What kind of interruptions and interventions are useful for reaching emancipatory transformation? How and by whom are direct action interventions carried out and to what ends? What kind of knowledge is produced by direct action? Can direct action also be used for knowledge construction and the interruption of hegemonic academic practices? Can we talk about "aesthetics" of direct action as a way of politicizing and mobilizing aesthetic experience?


The format of the CASA meeting is as crucial as its content. We want to ask all of you to engage in a construction of interactive spaces that contribute to constructing emancipatory change that is inclusive. Interactivity, here, means acknowledging that knowledge construction and knowledge transmission are not one-directional but rather collective processes. Thus participants of all kinds (presenters, discussants, facilitators, technical assistants, and organizers) should actively engage in collaborative processes rather than in a mere conveying of knowledge. We are open to alternative formats - from workshops to performances - that would open spaces for participation and collective production. Inclusiveness, here, means open to variety. We want a large diversity of contributions to the CASA meeting by inviting academics, artists, artist projects and collectives, utopians, utopian writers, non- institutional intellectuals, activists engaged in direct actions, and other interested individuals to share and exchange thoughts and practices. We also anticipate a diversity of practices to open debate and reflection. CASA 2006 can be a continuum of debating, intervening, thinking, reflecting, inspiring, inventing and constructing inclusive emancipatory initiatives.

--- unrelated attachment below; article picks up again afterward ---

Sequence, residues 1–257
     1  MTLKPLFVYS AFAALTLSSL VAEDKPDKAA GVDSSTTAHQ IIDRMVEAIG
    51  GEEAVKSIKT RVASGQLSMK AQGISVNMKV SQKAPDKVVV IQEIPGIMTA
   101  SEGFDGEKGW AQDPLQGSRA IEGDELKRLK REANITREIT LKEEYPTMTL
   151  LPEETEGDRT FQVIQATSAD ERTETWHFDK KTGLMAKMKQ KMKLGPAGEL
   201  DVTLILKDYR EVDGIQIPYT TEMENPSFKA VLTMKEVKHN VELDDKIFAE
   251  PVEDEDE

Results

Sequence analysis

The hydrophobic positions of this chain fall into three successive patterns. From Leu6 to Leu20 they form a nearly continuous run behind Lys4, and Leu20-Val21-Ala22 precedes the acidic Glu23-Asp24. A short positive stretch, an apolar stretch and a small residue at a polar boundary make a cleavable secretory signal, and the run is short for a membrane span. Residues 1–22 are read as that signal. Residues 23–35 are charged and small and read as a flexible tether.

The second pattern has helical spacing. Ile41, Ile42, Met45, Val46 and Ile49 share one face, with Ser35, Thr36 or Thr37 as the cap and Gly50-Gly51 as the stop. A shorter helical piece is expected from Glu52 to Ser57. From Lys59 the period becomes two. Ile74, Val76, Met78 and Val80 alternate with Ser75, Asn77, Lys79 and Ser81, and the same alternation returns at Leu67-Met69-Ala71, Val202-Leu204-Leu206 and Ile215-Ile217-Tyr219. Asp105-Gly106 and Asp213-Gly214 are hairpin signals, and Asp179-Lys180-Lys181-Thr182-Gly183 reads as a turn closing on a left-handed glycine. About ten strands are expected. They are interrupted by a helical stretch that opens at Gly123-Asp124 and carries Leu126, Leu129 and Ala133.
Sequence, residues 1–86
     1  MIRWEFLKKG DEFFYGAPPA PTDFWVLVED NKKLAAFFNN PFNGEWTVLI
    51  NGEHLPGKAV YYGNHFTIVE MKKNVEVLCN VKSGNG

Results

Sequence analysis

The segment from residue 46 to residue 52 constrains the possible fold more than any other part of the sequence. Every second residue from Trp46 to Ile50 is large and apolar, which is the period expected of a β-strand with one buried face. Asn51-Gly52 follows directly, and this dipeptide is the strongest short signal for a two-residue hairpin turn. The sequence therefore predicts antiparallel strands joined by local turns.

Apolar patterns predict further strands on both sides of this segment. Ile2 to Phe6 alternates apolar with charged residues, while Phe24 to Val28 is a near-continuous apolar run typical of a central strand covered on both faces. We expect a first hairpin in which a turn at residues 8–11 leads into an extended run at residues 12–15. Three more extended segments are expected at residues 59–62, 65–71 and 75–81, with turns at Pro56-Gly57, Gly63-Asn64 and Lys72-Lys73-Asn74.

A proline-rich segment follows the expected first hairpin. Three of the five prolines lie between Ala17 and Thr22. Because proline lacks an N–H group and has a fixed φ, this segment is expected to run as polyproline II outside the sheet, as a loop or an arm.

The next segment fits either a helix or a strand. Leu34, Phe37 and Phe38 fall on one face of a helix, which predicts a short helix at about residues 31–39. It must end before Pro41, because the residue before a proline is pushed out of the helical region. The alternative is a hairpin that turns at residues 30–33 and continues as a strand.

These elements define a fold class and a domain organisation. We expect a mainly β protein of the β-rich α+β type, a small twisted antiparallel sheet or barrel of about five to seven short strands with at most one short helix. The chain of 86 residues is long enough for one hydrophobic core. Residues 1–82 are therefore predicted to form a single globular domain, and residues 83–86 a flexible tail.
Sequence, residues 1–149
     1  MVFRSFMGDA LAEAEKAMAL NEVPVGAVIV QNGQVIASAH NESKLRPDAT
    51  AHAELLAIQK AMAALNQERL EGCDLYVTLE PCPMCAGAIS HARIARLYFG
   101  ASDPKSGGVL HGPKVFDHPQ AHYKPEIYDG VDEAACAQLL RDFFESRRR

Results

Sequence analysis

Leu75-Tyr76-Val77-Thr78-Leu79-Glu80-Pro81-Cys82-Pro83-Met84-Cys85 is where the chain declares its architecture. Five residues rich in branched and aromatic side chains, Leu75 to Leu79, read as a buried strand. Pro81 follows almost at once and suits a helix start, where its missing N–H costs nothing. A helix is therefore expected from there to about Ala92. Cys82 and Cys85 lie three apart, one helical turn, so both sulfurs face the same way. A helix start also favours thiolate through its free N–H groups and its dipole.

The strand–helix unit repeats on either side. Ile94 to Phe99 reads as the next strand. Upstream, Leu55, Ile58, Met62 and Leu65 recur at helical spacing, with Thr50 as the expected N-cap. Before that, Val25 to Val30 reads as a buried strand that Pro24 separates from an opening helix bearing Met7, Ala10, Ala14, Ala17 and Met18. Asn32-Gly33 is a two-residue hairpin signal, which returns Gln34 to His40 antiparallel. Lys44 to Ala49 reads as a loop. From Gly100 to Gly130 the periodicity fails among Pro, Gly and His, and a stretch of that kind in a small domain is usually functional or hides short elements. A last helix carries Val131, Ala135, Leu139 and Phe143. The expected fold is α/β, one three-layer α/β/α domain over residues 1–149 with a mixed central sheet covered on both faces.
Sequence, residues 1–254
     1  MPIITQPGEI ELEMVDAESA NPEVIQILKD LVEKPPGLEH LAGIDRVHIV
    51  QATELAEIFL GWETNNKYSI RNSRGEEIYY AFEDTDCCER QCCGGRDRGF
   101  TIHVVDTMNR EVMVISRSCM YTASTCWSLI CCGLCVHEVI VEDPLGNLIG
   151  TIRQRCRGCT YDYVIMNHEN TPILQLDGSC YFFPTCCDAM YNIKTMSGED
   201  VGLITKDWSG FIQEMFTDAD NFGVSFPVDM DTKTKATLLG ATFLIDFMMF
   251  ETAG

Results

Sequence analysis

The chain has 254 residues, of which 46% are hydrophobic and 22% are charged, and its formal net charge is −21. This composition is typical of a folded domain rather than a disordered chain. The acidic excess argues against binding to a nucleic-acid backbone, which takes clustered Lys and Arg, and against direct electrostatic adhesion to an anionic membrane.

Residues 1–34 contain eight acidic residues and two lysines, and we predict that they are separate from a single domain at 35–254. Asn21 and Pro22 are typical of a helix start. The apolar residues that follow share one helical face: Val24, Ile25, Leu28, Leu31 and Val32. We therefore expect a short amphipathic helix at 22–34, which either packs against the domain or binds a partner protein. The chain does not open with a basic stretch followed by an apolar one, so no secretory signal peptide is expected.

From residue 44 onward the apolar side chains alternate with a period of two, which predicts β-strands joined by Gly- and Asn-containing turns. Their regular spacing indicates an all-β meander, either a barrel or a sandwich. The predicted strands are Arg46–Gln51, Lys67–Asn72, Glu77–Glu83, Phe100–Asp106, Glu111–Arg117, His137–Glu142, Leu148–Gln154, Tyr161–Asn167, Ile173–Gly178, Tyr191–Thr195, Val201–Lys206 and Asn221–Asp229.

Proposals for contributions within the four outlined topics are very welcome and can be submitted until April 30, 2006.

For further questions, contributions or participation please mailto:


ASLE UK Biennial Conference 2006